Although not connected, Galgorm Resort & Spa is close by for those playing golf at Galgorm Castle Golf Club and it features a new riverside Thermal Village. A couples package includes bubbly and truffles on arrival, use of the Thermal Village and a Deluxe Duo treatment, with optional four-course meal and a cocktail or glass of wine. The resort was the host hotel for the Dubai Duty Free Irish Open in 2017, played at Portstewart Golf Club.
Galgorm Castle Golf Club is laid out through mature wooded grounds in the heart of the 220-acre Galgorm Castle Estate, alongside its 17th century castle. It stages the annual Northern Ireland Open, part of the European Tour’s Challenge Tour. More than 40,000 people watched the free-to-enter tournament in 2017, a record for the tour. A new Fun Golf Area at Galgorm is aimed at families and features a six-hole pitch and putt course and the Himalayas putting green, a scaled replica of the famous St Andrews attraction.
Among Northern Ireland’s best-kept golfing secrets, Kilkeel Golf Club is a picturesque parkland layout at the foot of the Mourne Mountains in the far south-west that has played host to qualifiers for the British Amateur and Senior British Open events.
The region boasts several centenarians outside of Belfast. They include: Massereene Golf Club, established in 1895 and offering a challenging course on the shore of Lough Neagh; Newtownstewart Golf Club, founded in 1914 and laid out through venerable oaks and beech trees in the Baronscourt Estate, home of the Duke of Abercorn; Tandragee Golf Club, dating back to 1911 on the Duke of Manchester’s Estate with bunkers including some resembling America’s Great Lakes that were designed by the Cincinnati-born Duchess of Manchester; and Omagh Golf Club, which was extended from a nine-hole course built in 1910 to 18 holes in 1983.
Other gems include County Down golf clubs Rockmount, St Patrick’s, Warrenpoint, Edenmore and 36-hole Clandeboye, County Antrim’s Lisburn Golf Club and Country Tyrone’s Dungannon Golf Club.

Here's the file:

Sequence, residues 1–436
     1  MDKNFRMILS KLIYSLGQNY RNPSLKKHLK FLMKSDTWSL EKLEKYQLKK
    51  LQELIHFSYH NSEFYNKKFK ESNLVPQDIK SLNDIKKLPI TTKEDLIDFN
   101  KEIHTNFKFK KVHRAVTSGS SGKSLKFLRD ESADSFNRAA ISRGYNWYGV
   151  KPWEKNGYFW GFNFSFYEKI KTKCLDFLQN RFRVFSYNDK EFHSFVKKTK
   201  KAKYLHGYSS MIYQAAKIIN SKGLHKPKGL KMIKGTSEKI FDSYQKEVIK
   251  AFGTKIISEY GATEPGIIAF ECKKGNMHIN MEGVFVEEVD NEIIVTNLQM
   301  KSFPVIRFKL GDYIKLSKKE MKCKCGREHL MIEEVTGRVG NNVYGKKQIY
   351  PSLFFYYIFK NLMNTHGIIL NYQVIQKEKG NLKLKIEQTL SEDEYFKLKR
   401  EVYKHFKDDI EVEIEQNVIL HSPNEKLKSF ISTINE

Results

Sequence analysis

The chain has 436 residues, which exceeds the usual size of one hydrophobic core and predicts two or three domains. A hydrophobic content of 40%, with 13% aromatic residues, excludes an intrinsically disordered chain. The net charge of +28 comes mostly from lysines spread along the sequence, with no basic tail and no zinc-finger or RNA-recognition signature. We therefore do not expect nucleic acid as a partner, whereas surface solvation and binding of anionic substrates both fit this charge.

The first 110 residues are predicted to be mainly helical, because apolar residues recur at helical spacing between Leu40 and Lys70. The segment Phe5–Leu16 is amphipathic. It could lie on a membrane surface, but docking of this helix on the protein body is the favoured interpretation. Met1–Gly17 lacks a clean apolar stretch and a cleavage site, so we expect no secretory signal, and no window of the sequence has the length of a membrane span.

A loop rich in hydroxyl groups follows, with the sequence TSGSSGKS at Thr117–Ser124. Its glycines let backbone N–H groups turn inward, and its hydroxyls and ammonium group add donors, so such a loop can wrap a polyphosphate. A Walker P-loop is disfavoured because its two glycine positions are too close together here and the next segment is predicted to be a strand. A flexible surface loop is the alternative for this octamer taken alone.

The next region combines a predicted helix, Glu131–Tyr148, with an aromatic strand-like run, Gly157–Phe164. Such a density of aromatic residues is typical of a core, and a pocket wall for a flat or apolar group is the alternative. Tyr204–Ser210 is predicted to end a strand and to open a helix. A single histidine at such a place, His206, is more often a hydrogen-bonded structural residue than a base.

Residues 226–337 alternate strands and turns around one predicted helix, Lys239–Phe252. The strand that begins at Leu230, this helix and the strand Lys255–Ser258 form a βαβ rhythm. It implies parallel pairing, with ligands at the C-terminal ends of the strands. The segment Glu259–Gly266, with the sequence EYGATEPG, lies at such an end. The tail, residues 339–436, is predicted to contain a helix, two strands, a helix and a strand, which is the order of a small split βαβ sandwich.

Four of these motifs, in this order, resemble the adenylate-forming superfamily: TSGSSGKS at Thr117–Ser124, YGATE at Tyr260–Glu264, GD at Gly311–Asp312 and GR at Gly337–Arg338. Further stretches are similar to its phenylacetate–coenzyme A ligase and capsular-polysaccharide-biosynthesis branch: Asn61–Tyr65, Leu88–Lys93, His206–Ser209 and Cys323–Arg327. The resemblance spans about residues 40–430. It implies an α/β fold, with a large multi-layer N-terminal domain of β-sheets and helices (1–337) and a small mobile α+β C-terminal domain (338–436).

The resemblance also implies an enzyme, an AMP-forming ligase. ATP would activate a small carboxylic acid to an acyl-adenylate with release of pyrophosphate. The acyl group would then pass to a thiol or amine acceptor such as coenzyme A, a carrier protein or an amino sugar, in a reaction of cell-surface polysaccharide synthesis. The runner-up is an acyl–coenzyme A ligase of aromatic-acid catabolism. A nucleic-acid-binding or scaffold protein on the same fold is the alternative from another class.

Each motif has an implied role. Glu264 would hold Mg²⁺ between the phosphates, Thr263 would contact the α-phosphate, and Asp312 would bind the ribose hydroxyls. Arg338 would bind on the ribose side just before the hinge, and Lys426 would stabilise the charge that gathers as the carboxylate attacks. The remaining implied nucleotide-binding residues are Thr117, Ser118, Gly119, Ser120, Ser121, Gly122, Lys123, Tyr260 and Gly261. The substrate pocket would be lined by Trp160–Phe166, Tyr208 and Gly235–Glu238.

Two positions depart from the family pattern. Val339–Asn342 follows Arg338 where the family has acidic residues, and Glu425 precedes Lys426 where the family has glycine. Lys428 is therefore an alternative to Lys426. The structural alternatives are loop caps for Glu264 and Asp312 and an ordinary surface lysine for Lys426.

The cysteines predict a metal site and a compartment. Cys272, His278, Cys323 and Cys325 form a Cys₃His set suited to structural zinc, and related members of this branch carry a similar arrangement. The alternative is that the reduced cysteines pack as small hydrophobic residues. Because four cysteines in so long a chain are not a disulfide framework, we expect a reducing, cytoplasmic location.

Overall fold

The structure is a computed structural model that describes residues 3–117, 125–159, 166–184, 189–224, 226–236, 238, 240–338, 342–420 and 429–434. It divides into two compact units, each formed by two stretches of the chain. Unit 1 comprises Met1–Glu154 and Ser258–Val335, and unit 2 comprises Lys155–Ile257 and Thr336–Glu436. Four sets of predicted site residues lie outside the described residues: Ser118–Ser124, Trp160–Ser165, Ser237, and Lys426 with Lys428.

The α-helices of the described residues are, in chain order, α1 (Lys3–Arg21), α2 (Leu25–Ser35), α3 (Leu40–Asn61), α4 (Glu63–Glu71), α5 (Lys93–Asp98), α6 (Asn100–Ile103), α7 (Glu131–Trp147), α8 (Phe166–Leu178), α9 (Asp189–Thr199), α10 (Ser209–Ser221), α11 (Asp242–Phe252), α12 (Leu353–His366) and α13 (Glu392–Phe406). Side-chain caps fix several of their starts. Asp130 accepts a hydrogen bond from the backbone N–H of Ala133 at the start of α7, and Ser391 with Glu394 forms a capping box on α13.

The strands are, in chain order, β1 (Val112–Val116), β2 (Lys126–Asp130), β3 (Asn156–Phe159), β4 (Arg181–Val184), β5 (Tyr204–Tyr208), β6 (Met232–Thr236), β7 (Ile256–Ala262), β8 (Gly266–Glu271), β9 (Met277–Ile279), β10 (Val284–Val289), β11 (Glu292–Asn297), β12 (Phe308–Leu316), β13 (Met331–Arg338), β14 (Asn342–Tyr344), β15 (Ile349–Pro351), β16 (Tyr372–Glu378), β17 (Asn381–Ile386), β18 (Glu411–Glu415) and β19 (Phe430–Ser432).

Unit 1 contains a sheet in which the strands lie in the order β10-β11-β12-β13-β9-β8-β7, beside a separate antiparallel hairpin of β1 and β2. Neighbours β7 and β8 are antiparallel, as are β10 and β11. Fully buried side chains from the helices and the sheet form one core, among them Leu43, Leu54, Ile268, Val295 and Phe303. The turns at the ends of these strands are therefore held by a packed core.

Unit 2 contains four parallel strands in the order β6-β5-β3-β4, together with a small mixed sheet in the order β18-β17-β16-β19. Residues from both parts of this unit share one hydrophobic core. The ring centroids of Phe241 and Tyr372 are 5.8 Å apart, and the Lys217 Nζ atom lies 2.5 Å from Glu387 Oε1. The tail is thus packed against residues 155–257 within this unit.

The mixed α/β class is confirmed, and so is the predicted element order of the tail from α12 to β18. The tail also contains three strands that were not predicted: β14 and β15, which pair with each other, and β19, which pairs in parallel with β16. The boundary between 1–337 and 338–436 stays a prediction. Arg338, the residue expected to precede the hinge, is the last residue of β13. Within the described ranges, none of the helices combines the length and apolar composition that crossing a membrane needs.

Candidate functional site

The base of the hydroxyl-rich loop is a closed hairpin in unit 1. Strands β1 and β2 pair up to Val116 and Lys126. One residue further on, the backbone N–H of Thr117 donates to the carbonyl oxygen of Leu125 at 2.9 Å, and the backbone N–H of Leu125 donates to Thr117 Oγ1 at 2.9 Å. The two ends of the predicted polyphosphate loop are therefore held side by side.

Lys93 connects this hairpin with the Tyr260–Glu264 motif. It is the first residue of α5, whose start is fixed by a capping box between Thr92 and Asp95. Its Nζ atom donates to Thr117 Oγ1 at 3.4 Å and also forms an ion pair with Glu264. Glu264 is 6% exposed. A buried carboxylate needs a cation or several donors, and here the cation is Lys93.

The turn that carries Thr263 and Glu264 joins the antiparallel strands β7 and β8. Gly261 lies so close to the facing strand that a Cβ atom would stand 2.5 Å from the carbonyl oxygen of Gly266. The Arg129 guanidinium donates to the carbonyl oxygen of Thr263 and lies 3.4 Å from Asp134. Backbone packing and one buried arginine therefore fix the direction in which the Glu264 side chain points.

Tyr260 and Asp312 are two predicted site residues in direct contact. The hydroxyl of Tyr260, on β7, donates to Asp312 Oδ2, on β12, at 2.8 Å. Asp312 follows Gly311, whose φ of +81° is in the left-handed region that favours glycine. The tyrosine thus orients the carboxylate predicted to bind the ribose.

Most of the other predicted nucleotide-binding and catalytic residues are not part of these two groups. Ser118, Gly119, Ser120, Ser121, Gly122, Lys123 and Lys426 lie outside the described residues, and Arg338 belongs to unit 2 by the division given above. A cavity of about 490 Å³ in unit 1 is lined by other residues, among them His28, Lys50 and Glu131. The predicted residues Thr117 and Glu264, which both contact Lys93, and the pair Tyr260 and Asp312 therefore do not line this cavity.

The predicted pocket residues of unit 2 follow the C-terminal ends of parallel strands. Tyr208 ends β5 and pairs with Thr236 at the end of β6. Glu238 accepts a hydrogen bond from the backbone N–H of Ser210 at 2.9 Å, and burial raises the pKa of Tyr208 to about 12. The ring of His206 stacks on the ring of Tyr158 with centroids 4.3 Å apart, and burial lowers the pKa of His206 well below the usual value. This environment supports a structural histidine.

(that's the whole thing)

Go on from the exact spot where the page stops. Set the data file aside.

Several excellent seaside courses lie in the shadows of renowned venues. Just around the coast from the celebrated Royal County Down, the short but spectacular links hugs the rocky shore and cliffs, with several holes offering views across the bay to Coney Island. Golfers can enjoy the craic after their round in the bar of the oldest clubhouse in the world, originally built as a castle over 600 years ago and with cannons pointing out over the fairways just in front.
Kirkistown Castle Golf Club, on the Ards Peninsula, is the closest links course to Belfast and was designed by legendary architect James Braid, while Ballycastle Golf Club, a mix of parkland and links, lies opposite Rathlin Island on the Causeway Coast alongside the ruins of 500-year-old Bonamargy Friary. Cairndhu Golf Club is a parkland course with several holes right by the sea, its signature, par-3 2nd hole ending in a green perched on a rocky headland.
However, few courses can match the historic connection enjoyed by Foyle Golf Centre, on the outskirts of Derry below the Donegal Hills. Its championship parkland course is named after aviation pioneer Amelia Earhart, the first woman to fly solo across the Atlantic. She made an emergency landing at the end of her historic flight in 1932 on what is now the 6th green of the Earhart Course. Whatever your preference, Northern Ireland’s park life golf is a hit.
For more information on Northern Ireland and its golf, visit: www.discovernorthernireland.com